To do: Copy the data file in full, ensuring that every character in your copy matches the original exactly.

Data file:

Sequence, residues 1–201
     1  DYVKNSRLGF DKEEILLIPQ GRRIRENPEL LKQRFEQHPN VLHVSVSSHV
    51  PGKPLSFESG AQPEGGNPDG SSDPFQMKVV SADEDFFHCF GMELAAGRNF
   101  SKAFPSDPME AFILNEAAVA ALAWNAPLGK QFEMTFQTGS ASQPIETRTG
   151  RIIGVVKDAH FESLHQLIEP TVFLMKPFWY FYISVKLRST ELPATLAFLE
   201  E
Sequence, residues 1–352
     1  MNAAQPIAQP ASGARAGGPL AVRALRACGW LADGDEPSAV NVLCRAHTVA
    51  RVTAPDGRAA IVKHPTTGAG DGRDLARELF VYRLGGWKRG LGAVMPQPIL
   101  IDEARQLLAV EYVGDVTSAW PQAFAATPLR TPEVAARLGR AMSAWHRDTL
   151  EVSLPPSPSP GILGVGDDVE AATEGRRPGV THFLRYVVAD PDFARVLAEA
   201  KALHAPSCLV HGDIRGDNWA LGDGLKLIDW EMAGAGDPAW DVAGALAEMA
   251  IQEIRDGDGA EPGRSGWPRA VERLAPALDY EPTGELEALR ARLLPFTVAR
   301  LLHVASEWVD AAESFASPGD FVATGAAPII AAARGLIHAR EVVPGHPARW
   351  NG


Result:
Sequence, residues 1–201
     1  DYVKNSRLGF DKEEILLIPQ GRRIRENPEL LKQRFEQHPN VLHVSVSSHV
    51  PGKPLSFESG AQPEGGNPDG SSDPFQMKVV SADEDFFHCF GMELAAGRNF
   101  SKAFPSDPME AFILNEAAVA ALAWNAPLGK QFEMTFQTGS ASQPIETRTG
   151  RIIGVVKDAH FESLHQLIEP TVFLMKPFWY FYISVKLRST ELPATLAFLE
   201  E
Sequence, residues 1–352
     1  MNAAQPIAQP ASGARAGGPL AVRALRACGW LADGDEPSAV NVLCRAHTVA
    51  RVTAPDGRAA IVKHPTTGAG DGRDLARELF VYRLGGWKRG LGAVMPQPIL
   101  IDEARQLLAV EYVGDVTSAW PQAFAATPLR TPEVAARLGR AMSAWHRDTL
   151  EVSLPPSPSP GILGVGDDVE AATEGRRPGV THFLRYVVAD PDFARVLAEA
   201  KALHAPSCLV HGDIRGDNWA LGDGLKLIDW EMAGAGDPAW DVAGALAEMA
   251  IQEIRDGDGA EPGRSGWPRA VERLAPALDY EPTGELEALR ARLLPFTVAR
   301  LLHVASEWVD AAESFASPGD FVATGAAPII AAARGLIHAR EVVPGHPARW
   351  NG